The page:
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Lisbon Treaty

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Lisbon treaty Explanation By Emma Fogarty

Ireland is the only country in the EU to hold a referendum on the treaty, as required by our constitution. Every other member state can ratify the treaty by a vote in their national parliament. As such, we hold responsibility for supporting or rejecting the treaty on behalf of about 490 million Europeans who do not have the option to vote.

Here are some of the main changes that will come about if the Lisbon Treaty is approved by the people of Ireland.

1. Top jobs

A politician will be chosen to be president of the European Council for two and a half years, replacing the current system where presidency is rotated between member states every six months. Another post to be created will be the EU High Representative for Foreign and Security Policy, combining the current roles of EU foreign policy chief Javier Solana and external affairs commissioner Benita Ferrero-Waldner.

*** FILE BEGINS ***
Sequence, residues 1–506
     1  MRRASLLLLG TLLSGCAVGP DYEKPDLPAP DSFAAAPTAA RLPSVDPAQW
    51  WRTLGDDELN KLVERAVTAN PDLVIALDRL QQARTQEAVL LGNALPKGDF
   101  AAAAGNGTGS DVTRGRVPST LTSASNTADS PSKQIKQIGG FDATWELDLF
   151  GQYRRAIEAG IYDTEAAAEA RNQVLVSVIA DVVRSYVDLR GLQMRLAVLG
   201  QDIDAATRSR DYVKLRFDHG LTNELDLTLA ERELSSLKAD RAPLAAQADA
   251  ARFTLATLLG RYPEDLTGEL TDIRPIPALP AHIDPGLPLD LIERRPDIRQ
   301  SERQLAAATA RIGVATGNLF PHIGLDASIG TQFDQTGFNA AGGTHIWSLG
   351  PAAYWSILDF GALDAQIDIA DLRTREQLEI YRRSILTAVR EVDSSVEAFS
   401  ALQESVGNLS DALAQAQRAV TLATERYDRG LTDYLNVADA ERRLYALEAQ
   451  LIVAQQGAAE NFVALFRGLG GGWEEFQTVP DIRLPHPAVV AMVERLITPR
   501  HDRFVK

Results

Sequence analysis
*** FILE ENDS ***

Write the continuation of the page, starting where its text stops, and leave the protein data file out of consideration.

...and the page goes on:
2. Charter of Fundamental Rights

The Lisbon Treaty makes the EU Charter of Fundamental Rights a legally-binding document. The charter lists the human rights recognized by the European Union.

3. Citizens’ initiative

Under the Lisbon Treaty, the commission is obliged to consider any proposal signed by at least one million citizens from a number of member states.

4. National parliaments to get ‘yellow card’ facility

All proposals for EU legislation will have to be sent to national parliaments, who will then have eight weeks to offer a ‘reasoned opinion’ on whether they believe the proposal respects the principle of subsidiarity (this is the principle by which decisions should as far as possible be made at local or national level). If enough national parliaments object to a proposal, the commission can decide to maintain, amend or withdraw it.

5. Smaller commission

The European Commission is the EU’s executive arm; it puts forward legislation and ensures that EU policies

are correctly implemented. Since 2004, it has been...